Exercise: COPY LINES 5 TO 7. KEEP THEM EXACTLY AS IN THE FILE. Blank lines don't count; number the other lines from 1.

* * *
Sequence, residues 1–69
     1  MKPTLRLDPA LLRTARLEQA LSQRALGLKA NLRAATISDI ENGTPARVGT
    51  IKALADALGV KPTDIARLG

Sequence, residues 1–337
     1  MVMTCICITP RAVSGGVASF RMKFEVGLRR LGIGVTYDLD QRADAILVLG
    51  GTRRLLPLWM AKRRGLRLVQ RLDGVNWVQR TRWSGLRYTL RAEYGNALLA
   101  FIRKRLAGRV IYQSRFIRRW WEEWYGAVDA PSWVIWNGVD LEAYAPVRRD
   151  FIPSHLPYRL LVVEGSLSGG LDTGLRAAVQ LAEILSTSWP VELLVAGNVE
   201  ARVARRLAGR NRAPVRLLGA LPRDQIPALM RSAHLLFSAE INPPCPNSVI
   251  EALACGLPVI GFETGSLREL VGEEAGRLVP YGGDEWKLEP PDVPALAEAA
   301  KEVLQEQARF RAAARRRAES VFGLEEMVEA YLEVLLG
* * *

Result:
     1  MVMTCICITP RAVSGGVASF RMKFEVGLRR LGIGVTYDLD QRADAILVLG
    51  GTRRLLPLWM AKRRGLRLVQ RLDGVNWVQR TRWSGLRYTL RAEYGNALLA
   101  FIRKRLAGRV IYQSRFIRRW WEEWYGAVDA PSWVIWNGVD LEAYAPVRRD